This case requires us to decide how Daubert applies to the testimony of engineers and other experts who are not scientists. We conclude that Daubert’s general holding— setting forth the trial judge’s general “gatekeeping” obligation—applies not only to testimony based on “scientific” knowledge, but also to testimony based on “technical” and “other specialized” knowledge. See Fed. Rule Evid. 702. We also conclude that a trial court may consider one or more of the more specific factors that Daubert mentioned when doing so will help determine that testimony’s reliability. But, as the Court stated in Daubert, the test of reliability is “flexible,” and Daubert’s list of specific factors neither necessarily nor exclusively applies to all experts or in every case. Rather, the law grants a district court the same broad latitude when it decides how to determine reliability as it enjoys in respect to its ultimate reliability determination. See General Electric Co. v. Joiner, 522 U. S. 136, 143 (1997) (courts of appeals are to apply “abuse of discretion” standard when reviewing district court’s reliability determination). Applying these standards, we determine that the District Court’s decision in this case—not to admit certain expert testimony—was within its discretion and therefore lawful.
On July 6, 1993, the right rear tire of a minivan driven by Patrick Carmichael blew out. In the accident that followed, one of the passengers died, and others were severely injured. In October 1993, the Carmichaels brought this diversity suit against the tire’s maker and its distributor, whom we refer to collectively as Kumho Tire, claiming that the tire was defective. The plaintiffs rested their case in significant part upon deposition testimony provided by an expert in tire failure analysis, Dennis Carlson, Jr., who intended to testify in support of their conclusion.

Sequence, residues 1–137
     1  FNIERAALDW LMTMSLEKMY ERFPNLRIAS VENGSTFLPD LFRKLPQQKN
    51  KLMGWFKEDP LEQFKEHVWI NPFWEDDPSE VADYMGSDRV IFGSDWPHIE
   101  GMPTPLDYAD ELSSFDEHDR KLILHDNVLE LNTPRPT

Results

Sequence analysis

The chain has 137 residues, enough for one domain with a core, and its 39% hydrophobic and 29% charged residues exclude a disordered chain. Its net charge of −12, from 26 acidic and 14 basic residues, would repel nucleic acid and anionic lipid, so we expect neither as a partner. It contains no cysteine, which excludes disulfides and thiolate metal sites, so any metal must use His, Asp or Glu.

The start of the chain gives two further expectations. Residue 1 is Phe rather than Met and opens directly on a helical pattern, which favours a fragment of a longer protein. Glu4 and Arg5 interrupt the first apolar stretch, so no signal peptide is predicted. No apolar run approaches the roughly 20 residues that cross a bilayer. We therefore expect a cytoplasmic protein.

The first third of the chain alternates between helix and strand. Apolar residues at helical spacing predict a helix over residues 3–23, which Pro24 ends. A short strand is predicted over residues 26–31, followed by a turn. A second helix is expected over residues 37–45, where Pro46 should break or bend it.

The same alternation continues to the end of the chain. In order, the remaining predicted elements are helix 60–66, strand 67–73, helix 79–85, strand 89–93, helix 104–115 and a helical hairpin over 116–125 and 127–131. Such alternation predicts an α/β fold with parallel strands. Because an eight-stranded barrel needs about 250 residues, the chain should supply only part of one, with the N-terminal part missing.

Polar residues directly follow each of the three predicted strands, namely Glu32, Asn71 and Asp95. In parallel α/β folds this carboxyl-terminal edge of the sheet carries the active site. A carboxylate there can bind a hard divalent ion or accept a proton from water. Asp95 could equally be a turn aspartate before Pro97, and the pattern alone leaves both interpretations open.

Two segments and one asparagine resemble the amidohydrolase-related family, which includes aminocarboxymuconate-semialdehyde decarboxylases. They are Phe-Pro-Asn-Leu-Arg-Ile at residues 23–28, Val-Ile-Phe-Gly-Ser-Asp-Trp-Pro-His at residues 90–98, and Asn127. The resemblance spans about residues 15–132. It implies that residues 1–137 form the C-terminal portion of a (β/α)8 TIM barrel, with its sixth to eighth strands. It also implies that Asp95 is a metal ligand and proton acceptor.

Carlson’s depositions relied upon certain features of tire technology that are not in dispute. A steel-belted radial tire like the Carmichaels’ is made up of a “carcass” containing many layers of flexible cords, called “plies,” along which (between the cords and the outer tread) are laid steel strips called “belts.” Steel wire loops, called “beads,” hold the cords together at the plies’ bottom edges. An outer layer, called the “tread,” encases the carcass, and the entire tire is bound together in rubber, through the application of heat and various chemicals. See generally, e.g., J. Dixon, Tires, Suspension and Handling 68–72 (2d ed. 1996). The bead of the tire sits upon a “bead seat,” which is part of the wheel assembly. That assembly contains a “rim flange,” which extends over the bead and rests against the side of the tire. See M. Mavrigian, Performance Wheels & Tires 81, 83 (1998) (illustrations).[Graphic omitted; see printed opinion.]
A. Markovich, How To Buy and Care For Tires 4 (1994).
Carlson’s testimony also accepted certain background facts about the tire in question. He assumed that before the blowout the tire had traveled far. (The tire was made in 1988 and had been installed some time before the Carmichaels bought the used minivan in March 1993; the Carmichaels had driven the van approximately 7,000 additional miles in the two months they had owned it.) Carlson noted that the tire’s tread depth, which was 11/32 of an inch when new, App. 242, had been worn down to depths that ranged from 3/32 of an inch along some parts of the tire, to nothing at all along others. Id., at 287. He conceded that the tire tread had at least two punctures which had been inadequately repaired. Id., at 258–261, 322.